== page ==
Professor Kate Crosby
Professor of Buddhist Studies
Tel +44(0)20 7848 1453
Address: Department of Theology & Religious Studies
King's College London
Room 3.03, Virginia Woolf Building,
LONDON, WC2B 6LE
Research interests and PhD supervision
Kate Crosby joined King’s as Professor of Buddhist Studies in April 2013. She came to King’s from SOAS where she was Director of the Centre of Buddhist Studies and Seiyu Kiriyama Reader in Buddhist Studies. Before that she held posts in Buddhism, Pali and Sanskrit at the universities of Edinburgh, Lancaster and Cardiff, as well as teaching in Oxford at a number of colleges and the Oriental Institute. She has held visiting professorships at the Universities of McGill, Montreal, Dongguk, Seoul and the Buddhist Institute, Phnom Penh. She studied Sanskrit, Pali and other Buddhist languages, Indian religions and Buddhism at Oxford (MA and D.Phil., St. Hugh’s and St. Peter’s). She also studied at the universities of Hamburg and Kelaniya (Sri Lanka), as a Commonwealth Scholar, and with traditional teachers in Pune, Varanasi and Kathmandu.
In addition to textual work using mainly classical languages, as well as some in mixed Pali-Sinhala, she has conducted fieldwork in most Theravada countries. She is co-editor of the international peer-review journal Contemporary Buddhism and a member of the Theravada Civilizations Project.
- Theravada Buddhism
- Sanskrit and Pali language and literature, including vernacular-Pali mixed literature
- Buddhist practice and traditions of Sri Lanka and Southeast Asia
- Buddhism in Application
- History of Science in Buddhist contexts
I am interested by the historical and current textual and practice aspects of Theravada Buddhism. I am currently working on the relationship between pre-modern Theravada meditation and other technologies of transformation including ayurvedic obstetrics and pharmaceutical mathematics. I argue that the now marginalised boran kammatthana/yogavacara meditation of the pre- and early modern period in fact shared models of transformation found also in other endeavours to control and improve the human condition such as medicine. It was in part the replacement of these models with new western concepts of the body-mind relationship, medical treatment and what was considered ‘rational’ that allowed for this practice to be displaced.
In recent fieldwork in Cambodia I traced former and current practitioners, seeking to identify factors that have led to its maintenance or abandonment there since an initial flowering in the post-Khmer Rouger period. This research is part of my ongoing work on boran kammatthana/yogavacara meditation, including a component undertaken under the auspices of an AHRC Religion and Society grant. In collaboration with Andrew Skilton and Amal Gunasena, I recently confirmed the 1756 importation of this tradition into Sri Lanka from Ayutthaya with the Siyam Nikaya through a text composed by one of the monks of the Siamese mission for one of the queens of King Kirti Sri Rajasinha (Journal of Indian Philosophy 2012). I am also working on the edition and translation of two of the Sinhala-Pali manuals of this tradition, one a manual of litany for devotion prior to undertaking meditation, the other the instructions for meditation.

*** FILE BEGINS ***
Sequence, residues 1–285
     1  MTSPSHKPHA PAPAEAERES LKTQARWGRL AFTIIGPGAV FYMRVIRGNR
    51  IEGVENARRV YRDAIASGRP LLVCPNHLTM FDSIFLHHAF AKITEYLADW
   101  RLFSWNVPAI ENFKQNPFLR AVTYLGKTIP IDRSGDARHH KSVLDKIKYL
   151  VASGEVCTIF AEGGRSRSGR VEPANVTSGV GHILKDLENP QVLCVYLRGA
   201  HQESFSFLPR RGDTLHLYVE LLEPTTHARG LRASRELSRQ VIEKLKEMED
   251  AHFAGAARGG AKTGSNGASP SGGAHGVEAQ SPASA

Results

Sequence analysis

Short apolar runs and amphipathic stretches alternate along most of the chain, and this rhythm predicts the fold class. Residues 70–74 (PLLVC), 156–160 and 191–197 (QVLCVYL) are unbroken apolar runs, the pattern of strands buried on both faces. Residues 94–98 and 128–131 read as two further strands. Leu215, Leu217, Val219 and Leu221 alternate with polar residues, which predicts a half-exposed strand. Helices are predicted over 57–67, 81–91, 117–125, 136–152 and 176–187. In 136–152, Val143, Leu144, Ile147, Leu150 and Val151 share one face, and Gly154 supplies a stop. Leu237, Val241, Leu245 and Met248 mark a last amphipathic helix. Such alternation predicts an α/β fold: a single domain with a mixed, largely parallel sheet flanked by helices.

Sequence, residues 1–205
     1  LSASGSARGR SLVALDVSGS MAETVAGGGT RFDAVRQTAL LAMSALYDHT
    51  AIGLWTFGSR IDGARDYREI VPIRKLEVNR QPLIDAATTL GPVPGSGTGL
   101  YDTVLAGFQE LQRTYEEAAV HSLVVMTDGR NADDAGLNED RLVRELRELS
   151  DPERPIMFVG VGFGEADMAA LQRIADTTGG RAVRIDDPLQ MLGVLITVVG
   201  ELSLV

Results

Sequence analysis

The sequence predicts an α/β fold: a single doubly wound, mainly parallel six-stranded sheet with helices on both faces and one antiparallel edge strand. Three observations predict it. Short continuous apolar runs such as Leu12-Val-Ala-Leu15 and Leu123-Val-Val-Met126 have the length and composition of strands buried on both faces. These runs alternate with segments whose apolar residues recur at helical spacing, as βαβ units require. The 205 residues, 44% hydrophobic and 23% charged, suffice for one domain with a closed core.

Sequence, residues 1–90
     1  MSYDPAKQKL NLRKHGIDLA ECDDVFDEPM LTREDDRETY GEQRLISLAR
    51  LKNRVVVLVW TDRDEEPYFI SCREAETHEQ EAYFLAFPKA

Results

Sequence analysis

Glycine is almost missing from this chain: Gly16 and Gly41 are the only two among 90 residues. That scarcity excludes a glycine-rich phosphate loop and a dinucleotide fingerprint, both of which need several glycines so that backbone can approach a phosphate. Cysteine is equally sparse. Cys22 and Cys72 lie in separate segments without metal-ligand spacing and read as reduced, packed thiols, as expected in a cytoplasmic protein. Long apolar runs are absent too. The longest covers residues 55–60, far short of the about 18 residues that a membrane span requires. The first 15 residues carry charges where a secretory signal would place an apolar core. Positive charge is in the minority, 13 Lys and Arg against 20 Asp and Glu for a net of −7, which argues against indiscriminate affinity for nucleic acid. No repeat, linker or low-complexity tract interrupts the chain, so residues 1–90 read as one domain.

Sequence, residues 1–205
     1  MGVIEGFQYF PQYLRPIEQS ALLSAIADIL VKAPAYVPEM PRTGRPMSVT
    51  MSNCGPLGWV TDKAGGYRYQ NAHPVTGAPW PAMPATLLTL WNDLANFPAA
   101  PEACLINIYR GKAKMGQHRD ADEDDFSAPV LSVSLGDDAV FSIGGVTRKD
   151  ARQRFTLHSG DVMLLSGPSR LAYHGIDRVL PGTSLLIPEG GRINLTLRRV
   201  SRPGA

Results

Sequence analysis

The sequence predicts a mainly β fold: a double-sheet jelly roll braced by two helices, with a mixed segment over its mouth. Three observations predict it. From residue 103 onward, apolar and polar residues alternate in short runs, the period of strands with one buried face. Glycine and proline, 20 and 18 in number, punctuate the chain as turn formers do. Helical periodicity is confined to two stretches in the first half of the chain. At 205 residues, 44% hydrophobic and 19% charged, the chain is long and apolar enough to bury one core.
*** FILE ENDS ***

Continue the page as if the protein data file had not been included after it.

Other ongoing publication projects include a book on the decisions and practice of leaving the Sangha in Theravada Buddhism, the edition of two conference volume and further work on meditation. I am also an advisor on the Bodleian Library’s Revealing Hidden Collections Project, which is currently cataloguing Shan lik long texts in the U.K. and Maehongson, northern Thailand.
I welcome enquiries from people interested in undertaking a PhD in any aspect of Theravada Buddhism, Buddhism in Application, Buddhist meditation and Pali or Sanskrit literature. Other areas of Buddhist studies also considered.
Please email me email@example.com if you would like to be added to our emailing list for the Buddhist studies research seminars which take place at King's on Fridays at 5pm.
For more details, please see my full research profile.
- 4AAT1901 Introduction to Buddhism
- 5AAT2901 Buddhist Ethics
- 6AAT3901 Therevada Buddhism
- 7AATC901 An Introduction to Buddhism through its Arts
- 7AATC903 Regional Buddhism
- 7AATC902 The Codicology of Buddhist Manuscripts
Expertise and public engagement
- Kate Crosby. (2014). Theravada Buddhism: Continuity, Diversity, Identity. Blackwell-Wiley.
- Kate Crosby (2014) ‘Ordination and Disrobing in Theravada Buddhism: The Sangha as a Barometer of the Community.’ Religions of South Asia 8.1 (2014): 97-108.
- Kate Crosby. (2013). Traditional Theravada Meditation and its Modern-Era Suppression. Hong Kong: Buddha-Dharma Centre of Hong Kong.
- with Pyi Phyo Kyaw. ‘The Buddha and his Brothers: Expressions of Power, Place and Community by the network of Mahāmuni images of Arakan, Bangladesh and Burma’ in David Park, Kuenga Wangmo and Sharon Cather (eds.) Art of Merit: Studies in Buddhist Art and its conservation, London: Archetype Publications, 2013: 263-274. Kate Crosby with Andrew Skilton and Amal Gunasena. (2012). ‘The Sutta on Understanding Death in the Transmission of borān Meditation from Siam to the Kandyan Court’, Journal of Indian Philosophy, Volume 40, Number 2: 177-198.
- Kate Crosby. (2012).‘The Inheritance of Rahula: abandoned child, boy monk, ideal son and trainee’ in Vanessa Sassoon (ed.) Children in Buddhism: Children and Childhoods in Buddhist History, Texts and Cultures, Oxford University Press: 122-154.
For a complete list of publications, please see my full research profile
Buddhism in Sri Lanka, Southeast Asia and the West. Buddhist meditation. Buddhist literature. Various film/T.V. and radio consultations and radio broadcasts, including In Our Time with Melvyn Bragg.